George V. Reilly

Review: Quicksilver

Quicksilver
Title: Quick­sil­ver: The Baroque Cycle, Vol. 1
Author: Neal Stephenson
Rating: ★ ★ ★
Publisher: William Morrow
Copyright: 2003
Pages: 927
Keywords: historical fiction
Reading period: 10 December 2006–4 January, 2007

The first of three equally long volumes of historical fiction by Neal Stephenson, who is better known for his spec­u­la­tive fiction. This is a prequel of sorts to Crypto­nom­i­con, featuring the distant ancestors of the Waterhouse and Shaftoe characters.

Quick­sil­ver primarily takes place in late 17th century Europe, the baroque era where giants such as Newton, Leibniz, Hooke, and Huygens brought about a new un­der­stand­ing of the world. Daniel Waterhouse, a Puritan scholar, moves among them, knowing that he is not a good enough Natural Philoso­pher to be their equal, while he also moves through the courts of King Charles II and James II. Jack Shaftoe, who styles himself the King of the Vagabonds, moves in far less reputable circles. The two men do not meet, but they are both tied to the remarkable Eliza, who rises from being a Turkish harem slave to becoming both a French countess and a Dutch duchess, by working as a double agent for the Dutch against the French.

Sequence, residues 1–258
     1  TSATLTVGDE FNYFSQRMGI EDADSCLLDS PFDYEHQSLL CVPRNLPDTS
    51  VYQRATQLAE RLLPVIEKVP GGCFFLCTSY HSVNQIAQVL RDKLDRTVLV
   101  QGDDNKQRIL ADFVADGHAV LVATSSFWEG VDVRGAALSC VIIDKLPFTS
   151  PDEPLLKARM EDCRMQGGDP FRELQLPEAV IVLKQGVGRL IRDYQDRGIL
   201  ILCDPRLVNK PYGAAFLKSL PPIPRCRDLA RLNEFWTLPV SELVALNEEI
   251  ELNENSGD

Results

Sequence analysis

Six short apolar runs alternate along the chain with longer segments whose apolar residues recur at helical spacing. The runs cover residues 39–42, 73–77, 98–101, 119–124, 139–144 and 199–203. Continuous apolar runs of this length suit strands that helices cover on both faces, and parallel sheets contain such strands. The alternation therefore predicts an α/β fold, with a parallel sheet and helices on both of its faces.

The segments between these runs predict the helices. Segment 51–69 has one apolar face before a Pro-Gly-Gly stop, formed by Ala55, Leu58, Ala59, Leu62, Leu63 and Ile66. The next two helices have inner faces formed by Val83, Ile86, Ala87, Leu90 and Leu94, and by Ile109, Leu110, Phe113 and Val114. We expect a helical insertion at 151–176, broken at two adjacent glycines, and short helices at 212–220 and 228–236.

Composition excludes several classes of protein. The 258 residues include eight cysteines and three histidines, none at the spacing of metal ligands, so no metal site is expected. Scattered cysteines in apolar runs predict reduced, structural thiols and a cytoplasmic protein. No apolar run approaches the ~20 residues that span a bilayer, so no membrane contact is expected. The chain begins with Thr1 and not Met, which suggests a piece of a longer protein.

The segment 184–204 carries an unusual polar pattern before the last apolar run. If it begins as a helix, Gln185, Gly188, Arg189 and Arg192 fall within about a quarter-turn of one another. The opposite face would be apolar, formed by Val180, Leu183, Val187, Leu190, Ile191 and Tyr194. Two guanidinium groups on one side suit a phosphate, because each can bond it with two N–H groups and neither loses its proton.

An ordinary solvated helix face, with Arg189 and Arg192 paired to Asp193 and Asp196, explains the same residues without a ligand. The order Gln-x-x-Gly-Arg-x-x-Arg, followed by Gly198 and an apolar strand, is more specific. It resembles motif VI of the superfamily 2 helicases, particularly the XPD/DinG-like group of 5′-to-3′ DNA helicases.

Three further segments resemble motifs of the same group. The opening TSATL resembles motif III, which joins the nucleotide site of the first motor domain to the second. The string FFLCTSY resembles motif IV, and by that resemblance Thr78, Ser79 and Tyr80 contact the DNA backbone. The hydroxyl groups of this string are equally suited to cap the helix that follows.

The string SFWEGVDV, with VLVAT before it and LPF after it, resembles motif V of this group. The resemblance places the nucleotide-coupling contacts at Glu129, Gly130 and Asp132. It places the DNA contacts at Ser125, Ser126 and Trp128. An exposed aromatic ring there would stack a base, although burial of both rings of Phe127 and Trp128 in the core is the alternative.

It’s an engaging tale, conveying a good deal of the in­tel­lec­tu­al and political ferment of the times. However, both Daniel and Eliza seem anachro­nis­tic to me, like characters trans­plant­ed from the twentieth century. Stephenson works in a variety of styles ranging from straight narrative, to short plays, to long epis­to­la­to­ry chapters. He throws in other anachro­nis­tic touches too, such as Leibniz referring to the growing incidence of ‘canal rage’ amongst the gondoliers of Venice.

At 900 pages, it’s far too long. Stephenson’s editor should have reined him in. I would have enjoyed it more at half the length.

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